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Opinion

Greek protesters: Ready to face reality about the debt crisis?

Greek protesters are angry and in denial. But there’s no denying the consequences of spending beyond your means.

By Donald J. Boudreaux / May 7, 2010



Fairfax, Va.

Dear Angry Greek Protesters:

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Your country is hailed as the cradle of Western civilization. This honor is justified, not least because of the unprecedented flowering there, 2,500 years ago, of that most wonderful, unique, and useful of all human abilities: reason.

Alas, your behavior over the past few days will severely tarnish Greece’s reputation as a home to reason. You are behaving childishly and thoughtlessly – that is, unreasonably.

Screaming in the streets, waving banners, and tossing homemade explosive devices at the police do absolutely nothing to address the very real problem your country faces. That problem is that your country is not as wealthy as you would like it to be. Nor is it as wealthy as your government led you (and others) to believe it was.

In short, your economic pie is too small to satisfy all of your demands. Railing madly against this reality, however, does nothing to increase that pie’s size. Resources and wealth are produced neither by angry sloganeering nor by simplistic denials of the facts. Quite the contrary.

For decades your country has lived well beyond its means. Thirty years ago, your government’s debt-to-GDP ratio was 34.5 percent. Today that figure stands at 115 percent. In other words, for decades your government borrowed money to provide you with goods and services that you couldn’t afford.

Living on credit is fun while it lasts. But reason tells us that it cannot last forever. Now that the bills are coming due, you must somehow pay them. This requirement is unavoidable.

No reasonable adult is shocked or angered when the bill for the lavish meal that he enjoyed last week arrives in his mailbox today. Paying that bill is never pleasant, but it must be done. The reasonable adult pays. He doesn’t scream in anger at the bank that loaned him the money to pay for the meal. He doesn’t blame others for his debt obligations. And he doesn’t demand that people who are in no way responsible for his decision to buy that expensive meal, and who didn’t share it with him, nevertheless help him to pay for it.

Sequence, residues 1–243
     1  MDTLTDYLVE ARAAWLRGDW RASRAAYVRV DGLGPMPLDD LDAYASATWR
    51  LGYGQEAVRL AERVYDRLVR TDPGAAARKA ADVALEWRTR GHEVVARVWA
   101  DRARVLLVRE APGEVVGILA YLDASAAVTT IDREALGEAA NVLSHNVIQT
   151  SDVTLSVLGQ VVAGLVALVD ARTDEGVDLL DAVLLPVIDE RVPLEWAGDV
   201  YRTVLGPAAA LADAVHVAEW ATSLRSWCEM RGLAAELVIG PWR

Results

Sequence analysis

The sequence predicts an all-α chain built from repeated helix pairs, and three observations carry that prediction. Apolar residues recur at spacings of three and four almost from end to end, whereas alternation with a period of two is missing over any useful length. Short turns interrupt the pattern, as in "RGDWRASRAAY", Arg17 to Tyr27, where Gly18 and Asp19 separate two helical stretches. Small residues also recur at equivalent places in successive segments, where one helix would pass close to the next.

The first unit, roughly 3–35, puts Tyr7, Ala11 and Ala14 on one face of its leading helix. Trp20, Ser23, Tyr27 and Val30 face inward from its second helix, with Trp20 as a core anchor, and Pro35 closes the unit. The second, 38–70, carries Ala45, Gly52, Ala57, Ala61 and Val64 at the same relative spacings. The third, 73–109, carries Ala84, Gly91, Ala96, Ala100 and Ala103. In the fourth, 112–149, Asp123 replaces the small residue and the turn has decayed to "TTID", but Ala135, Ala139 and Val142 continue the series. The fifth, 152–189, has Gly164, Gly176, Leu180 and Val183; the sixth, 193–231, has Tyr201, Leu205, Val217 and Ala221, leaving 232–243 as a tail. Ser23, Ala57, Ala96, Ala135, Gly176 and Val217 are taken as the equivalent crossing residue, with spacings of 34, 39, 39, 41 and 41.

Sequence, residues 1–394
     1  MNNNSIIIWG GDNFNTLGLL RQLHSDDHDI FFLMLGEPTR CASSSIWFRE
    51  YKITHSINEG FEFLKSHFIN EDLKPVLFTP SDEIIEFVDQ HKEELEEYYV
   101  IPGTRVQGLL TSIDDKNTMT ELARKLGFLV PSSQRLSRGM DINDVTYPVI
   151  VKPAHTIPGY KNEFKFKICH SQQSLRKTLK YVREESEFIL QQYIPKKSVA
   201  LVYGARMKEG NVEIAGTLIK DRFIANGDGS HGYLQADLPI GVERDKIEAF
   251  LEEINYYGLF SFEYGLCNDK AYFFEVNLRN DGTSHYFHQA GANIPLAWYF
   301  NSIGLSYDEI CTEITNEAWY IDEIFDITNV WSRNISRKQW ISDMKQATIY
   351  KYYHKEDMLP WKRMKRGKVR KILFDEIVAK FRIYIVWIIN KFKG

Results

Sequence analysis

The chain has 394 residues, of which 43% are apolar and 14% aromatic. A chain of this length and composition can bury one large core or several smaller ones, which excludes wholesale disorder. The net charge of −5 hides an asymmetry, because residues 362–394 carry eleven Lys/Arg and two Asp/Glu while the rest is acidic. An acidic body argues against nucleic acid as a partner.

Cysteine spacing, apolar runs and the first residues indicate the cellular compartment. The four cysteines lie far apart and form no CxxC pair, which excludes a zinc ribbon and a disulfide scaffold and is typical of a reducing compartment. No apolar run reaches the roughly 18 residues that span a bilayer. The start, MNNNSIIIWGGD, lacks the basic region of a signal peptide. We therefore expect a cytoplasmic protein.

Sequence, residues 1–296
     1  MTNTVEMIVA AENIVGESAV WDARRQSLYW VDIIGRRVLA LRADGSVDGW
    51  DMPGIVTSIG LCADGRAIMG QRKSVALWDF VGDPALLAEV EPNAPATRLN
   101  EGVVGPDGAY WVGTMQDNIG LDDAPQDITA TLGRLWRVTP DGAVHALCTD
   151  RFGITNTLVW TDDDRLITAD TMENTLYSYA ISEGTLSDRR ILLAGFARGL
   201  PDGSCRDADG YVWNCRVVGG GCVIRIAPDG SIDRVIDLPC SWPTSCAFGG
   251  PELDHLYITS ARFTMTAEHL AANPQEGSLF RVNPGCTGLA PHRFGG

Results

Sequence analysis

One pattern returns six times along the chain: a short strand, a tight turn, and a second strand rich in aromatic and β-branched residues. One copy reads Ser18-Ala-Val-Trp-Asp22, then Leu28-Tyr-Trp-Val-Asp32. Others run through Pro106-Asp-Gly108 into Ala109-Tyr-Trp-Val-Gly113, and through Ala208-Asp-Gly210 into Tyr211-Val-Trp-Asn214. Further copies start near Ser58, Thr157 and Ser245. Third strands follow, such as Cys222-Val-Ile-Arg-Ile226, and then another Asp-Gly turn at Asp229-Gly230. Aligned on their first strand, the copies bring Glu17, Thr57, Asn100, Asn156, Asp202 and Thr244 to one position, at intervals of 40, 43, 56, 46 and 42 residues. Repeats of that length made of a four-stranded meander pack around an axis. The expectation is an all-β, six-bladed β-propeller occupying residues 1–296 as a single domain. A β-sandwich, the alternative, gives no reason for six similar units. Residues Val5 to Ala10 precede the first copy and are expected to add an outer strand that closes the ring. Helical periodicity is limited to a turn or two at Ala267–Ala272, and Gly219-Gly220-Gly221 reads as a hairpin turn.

The reasonable adult also knows that if he refuses to pay his debt, he might keep a few more euros in his pocket today, but only by sacrificing his future ability to borrow. And he knows that his resulting reputation for forcing others today to pay his expenses will diminish the willingness of others tomorrow to deal with him economically.

In short, the reasonable adult doesn’t clamor for something-for-nothing. Instead, he works and saves, knowing that, over the long-run, nothing is free.

In your defense, I realize that the steady stream of goods and services that your government bestowed upon you until recently seemed to come out of nowhere. This illusion perhaps misled you into supposing that whenever government borrows to pay for goods and services, it does something fundamentally different from what private individuals do when they borrow to pay for good and services.

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